The presentation of the attached user guide aims to address the conference themes by considering the challenge posed by Stiglitz (2010) to the Australian Productivity Commission, namely to foster an understanding that the wellbeing of humanity is dependent on the global commons. The focus of the research is on addressing social, economic and environmental factors that help to mitigate and adapt to climate change. Joseph Stiglitz past president of the World Bank has stressed (at the invitation of the Australian Productivity Commission) that the bottom line is wellbeing - this requires building stocks for the future (Stiglitz, et al, 2010). Wellbeing is crucial to re-designing economics. It explores the potential for participatory democracy and governance to a) monitor, b) match services to need and c) mitigate risk and adapt to climate change. This is vital for ethics and stewardship on behalf of future generations. According to Barbara Dickens from the Urban Renewal Department: Pathways to Wellbeing software offer a unique avenue for ongoing, long-term engagement between local residents and local government. It facilitates considering the consequences of our choices for ourselves, others and the environment. These considerations are used to shape evidenced-based policy to inform decision making at the local level. By asking residents to make choices from Pathways to Wellbeing scenarios, participants are invited to make changes in their lives. It aims to help them think through the implications and consequences of their choices for themselves and future generations. The choices relate to sustainable living and the extent to which people are prepared to adapt their lives to mitigate the effects of climate change. It is hoped that this will help people to adapt to the convergent challenges and that they will be able to change their socio-economic choices through adapting their culture. Thus the research is about cultural transformation. While enabling individual citizens to manage their pathways, the software enables analysis of the responses to inform and assist local government in matching service outcomes to the perceived needs of service users. It provides a means to work out where to 'draw the line' based on inclusive testing of ideas with those who are to be affected by the decisions.It also enables comparisons across the different pathways to establish not only how the pathways differ, but also how they overlap - and therefore to find common ground with regard to their views - their concerns, values, priorities and approaches to how they want to live their lives. The paper considers the potential for a digital score card to address social, economic and environmental factors that support or undermine adaptation to the challenges and mitigation of the effects of climate change. It evaluates the extent to which the approach enables the community to consider their perceived assets and risks and the implications of their consumption choices for developing wellbeing stocks.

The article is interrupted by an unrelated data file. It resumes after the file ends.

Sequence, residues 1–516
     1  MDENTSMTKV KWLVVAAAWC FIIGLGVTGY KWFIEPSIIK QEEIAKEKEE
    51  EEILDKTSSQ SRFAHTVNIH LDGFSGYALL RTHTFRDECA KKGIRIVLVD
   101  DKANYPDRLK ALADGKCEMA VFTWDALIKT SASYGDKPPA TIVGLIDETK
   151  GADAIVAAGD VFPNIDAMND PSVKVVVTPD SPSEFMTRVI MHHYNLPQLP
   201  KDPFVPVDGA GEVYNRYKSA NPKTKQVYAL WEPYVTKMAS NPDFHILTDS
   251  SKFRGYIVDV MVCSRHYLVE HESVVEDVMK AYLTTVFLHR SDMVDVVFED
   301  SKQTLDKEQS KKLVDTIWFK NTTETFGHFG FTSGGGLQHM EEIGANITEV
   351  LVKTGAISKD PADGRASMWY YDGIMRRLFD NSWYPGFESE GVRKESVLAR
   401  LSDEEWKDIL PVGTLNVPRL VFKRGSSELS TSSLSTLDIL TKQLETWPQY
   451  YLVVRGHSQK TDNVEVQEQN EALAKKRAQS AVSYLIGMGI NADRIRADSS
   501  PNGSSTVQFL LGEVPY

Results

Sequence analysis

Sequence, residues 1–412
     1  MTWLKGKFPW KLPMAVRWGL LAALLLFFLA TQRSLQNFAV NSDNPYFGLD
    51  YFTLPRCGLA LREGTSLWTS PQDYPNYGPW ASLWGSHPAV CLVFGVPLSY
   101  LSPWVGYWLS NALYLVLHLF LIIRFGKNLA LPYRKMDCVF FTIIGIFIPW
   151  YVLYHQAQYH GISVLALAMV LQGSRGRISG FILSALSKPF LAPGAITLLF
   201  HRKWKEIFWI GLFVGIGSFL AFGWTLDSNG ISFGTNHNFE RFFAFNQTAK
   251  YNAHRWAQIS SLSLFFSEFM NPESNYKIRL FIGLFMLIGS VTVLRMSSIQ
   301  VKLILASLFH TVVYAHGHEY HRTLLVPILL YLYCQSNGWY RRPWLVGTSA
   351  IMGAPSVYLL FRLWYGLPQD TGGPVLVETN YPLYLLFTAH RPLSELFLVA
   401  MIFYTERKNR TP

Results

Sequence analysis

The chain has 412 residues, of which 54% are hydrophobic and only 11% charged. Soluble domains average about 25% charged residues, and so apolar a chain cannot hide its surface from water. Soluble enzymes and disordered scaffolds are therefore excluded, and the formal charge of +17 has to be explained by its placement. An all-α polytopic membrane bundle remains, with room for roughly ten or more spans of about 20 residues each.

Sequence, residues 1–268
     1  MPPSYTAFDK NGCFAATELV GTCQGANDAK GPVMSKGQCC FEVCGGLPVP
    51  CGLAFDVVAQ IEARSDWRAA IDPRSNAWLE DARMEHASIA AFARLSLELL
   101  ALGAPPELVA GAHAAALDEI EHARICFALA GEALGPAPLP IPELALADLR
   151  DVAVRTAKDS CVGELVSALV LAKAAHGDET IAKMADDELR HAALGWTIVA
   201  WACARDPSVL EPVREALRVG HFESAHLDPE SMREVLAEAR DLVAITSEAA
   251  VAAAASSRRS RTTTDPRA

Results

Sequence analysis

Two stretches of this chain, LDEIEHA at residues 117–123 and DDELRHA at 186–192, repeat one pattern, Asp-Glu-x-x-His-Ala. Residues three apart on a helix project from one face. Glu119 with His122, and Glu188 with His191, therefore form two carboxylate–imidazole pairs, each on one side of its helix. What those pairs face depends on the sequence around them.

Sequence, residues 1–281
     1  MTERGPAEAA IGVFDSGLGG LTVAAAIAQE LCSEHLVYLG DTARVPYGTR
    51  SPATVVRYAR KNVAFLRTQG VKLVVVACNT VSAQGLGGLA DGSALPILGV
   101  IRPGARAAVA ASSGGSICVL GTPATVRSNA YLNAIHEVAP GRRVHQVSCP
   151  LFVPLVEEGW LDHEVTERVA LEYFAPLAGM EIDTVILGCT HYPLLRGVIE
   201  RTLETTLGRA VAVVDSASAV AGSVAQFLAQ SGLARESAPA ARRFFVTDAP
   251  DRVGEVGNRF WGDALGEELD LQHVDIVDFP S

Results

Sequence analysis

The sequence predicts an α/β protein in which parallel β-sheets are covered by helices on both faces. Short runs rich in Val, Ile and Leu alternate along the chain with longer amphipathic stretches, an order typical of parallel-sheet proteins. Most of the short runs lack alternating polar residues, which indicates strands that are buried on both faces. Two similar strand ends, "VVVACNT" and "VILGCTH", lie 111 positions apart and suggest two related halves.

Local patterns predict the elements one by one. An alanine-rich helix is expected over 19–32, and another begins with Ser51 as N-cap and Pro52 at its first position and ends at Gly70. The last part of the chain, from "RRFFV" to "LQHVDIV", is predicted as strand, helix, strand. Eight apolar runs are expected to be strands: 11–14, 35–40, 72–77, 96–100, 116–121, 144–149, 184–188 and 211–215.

|Number of pages
|Published - 1 Jan 2013
|57th Annual Meeting of the ISS - 2013 -
Duration: 14 Jul 2013 → …
|57th Annual Meeting of the ISS - 2013
|14/07/13 → …
- Climate change